Most impressively, she spent the interwar years quietly helping Jewish artists and intellectuals escape from the Nazis, starting long before most people understood what Hitler was up to. Who helped Sigmund Freud get out of Vienna with all his books and worldly possessions? Who was pacing at the Swiss-German border, sucking down cigarettes, waiting with the getaway car for Walter Benjamin? That would be Bryher. One scholar (don’t remember now which one) estimated that she helped 150 families relocate. She pretty much transplanted the Viennese mental health field into London and New York and used her social standing to destigmatize what we now call PTSD, because she had known so many people who never recovered from the traumas of WWI.

    When it was no longer feasible for her to rescue people one family at a time, she and H.D. and H.D.’s daughter, whom Bryher adopted, moved to London. She did war work that, at least when I was still in academia, wasn’t entirely understood yet, because people studying her were pretty sure a lot of it was classified. The shipping fleet she inherited was devoted to the war effort in ways that were deliberately vague. She got H.D.’s daughter, who was fluent in 4 languages, work with British Intelligence. With H.D., she founded the only literary magazine that never stopped publishing during the Blitz.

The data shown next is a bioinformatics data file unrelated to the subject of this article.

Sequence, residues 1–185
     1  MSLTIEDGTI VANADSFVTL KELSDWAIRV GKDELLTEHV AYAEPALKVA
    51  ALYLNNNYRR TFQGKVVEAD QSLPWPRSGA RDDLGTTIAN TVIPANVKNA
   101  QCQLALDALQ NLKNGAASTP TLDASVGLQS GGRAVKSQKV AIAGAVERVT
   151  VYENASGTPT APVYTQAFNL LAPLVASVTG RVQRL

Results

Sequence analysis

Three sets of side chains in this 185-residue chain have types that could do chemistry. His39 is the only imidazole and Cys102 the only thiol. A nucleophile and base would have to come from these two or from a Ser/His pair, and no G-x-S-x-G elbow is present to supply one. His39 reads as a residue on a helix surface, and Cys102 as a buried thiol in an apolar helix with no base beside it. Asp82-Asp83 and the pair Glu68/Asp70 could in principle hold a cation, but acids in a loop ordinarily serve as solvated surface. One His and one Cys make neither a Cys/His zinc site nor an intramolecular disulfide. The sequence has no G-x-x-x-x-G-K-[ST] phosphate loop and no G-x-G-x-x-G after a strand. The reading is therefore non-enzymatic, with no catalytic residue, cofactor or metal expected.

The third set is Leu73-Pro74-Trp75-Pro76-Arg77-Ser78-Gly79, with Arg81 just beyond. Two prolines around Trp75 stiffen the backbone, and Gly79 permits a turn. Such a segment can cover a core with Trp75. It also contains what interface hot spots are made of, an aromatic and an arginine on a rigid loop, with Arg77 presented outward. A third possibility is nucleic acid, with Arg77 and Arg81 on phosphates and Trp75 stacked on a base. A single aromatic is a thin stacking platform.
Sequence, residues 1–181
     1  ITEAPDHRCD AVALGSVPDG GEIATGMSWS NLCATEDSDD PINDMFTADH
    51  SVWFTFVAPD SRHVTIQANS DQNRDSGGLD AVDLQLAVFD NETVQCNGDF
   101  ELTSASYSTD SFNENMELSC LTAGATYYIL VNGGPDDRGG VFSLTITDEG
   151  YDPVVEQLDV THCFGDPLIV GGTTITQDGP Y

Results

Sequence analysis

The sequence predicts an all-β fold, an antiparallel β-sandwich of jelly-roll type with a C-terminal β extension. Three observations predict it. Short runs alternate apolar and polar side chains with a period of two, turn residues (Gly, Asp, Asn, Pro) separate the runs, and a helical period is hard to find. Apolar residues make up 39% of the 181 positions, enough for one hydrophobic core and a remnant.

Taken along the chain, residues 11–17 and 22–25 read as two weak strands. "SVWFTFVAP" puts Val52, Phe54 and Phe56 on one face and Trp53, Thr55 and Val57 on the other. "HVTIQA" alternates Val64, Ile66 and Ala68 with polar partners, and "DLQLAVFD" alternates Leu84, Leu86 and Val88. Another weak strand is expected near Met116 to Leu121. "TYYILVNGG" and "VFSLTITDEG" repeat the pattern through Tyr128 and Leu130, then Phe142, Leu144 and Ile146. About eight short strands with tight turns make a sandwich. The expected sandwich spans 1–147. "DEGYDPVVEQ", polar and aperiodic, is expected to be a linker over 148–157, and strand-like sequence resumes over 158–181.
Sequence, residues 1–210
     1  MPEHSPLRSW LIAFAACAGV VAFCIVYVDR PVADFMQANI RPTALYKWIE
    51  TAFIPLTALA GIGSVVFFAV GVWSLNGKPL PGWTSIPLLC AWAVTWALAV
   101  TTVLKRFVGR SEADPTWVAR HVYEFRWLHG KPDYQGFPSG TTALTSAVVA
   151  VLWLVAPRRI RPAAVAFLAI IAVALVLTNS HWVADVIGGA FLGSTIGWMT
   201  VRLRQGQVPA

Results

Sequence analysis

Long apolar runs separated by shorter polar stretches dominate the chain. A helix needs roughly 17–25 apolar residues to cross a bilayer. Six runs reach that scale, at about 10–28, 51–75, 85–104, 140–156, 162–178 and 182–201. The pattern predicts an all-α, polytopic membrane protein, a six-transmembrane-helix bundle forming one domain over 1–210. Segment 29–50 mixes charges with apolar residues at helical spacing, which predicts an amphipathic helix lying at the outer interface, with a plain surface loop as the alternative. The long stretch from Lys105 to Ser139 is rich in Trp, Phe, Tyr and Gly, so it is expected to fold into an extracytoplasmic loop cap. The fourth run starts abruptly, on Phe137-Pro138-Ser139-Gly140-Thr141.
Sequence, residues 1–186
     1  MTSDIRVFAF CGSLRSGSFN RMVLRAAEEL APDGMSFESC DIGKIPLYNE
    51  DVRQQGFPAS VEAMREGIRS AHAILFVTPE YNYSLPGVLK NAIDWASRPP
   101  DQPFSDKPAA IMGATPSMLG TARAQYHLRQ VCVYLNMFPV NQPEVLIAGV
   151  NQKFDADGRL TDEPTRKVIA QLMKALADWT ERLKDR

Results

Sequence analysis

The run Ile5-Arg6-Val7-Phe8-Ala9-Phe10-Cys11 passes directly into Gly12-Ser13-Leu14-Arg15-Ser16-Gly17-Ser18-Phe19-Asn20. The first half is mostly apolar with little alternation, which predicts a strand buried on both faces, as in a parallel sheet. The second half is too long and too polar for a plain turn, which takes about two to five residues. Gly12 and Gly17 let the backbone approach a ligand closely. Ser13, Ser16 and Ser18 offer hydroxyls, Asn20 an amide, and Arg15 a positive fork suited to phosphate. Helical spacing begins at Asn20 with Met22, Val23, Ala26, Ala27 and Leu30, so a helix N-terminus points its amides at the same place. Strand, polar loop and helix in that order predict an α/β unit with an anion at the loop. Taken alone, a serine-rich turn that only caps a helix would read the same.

(If you want to keep an arts scene going through a war, start stockpiling paper, ink, and printing presses years before the war starts, and keep them locked away without telling anybody, so they don’t all get commandeered for military use.)

    After the war, she was the big shipping magnate, smoking pipes and wearing men’s suits, her hair pomaded in perfectly masculine 1950s style. And she wrote several historical novels, mostly set in the ancient Mediterranean, which I haven’t read but which were favorably reviewed when they came out. Some of them are back in print now (or were fairly recently) from university presses.

    She lived to be 88, rich, powerful, revered by the 150(?) families she saved and the artists and authors she had kept going during the war, and having spent decades in a stable life partnership and parented a kid. If anyone you know has benefitted from the destigmatizing of PTSD, her decades of advocacy laid the groundwork for the help they got. She may not have been demographically typical, but she was real, documentable, and culturally badass.

    Comment by Sarah Avery - June 20, 2019 12:39 am

  5. This is just about my favourite comment, Sarah. Thanks so much for telling me about Bryher. What an incredible person!

    Comment by S.M. Carrière - June 20, 2019 8:46 am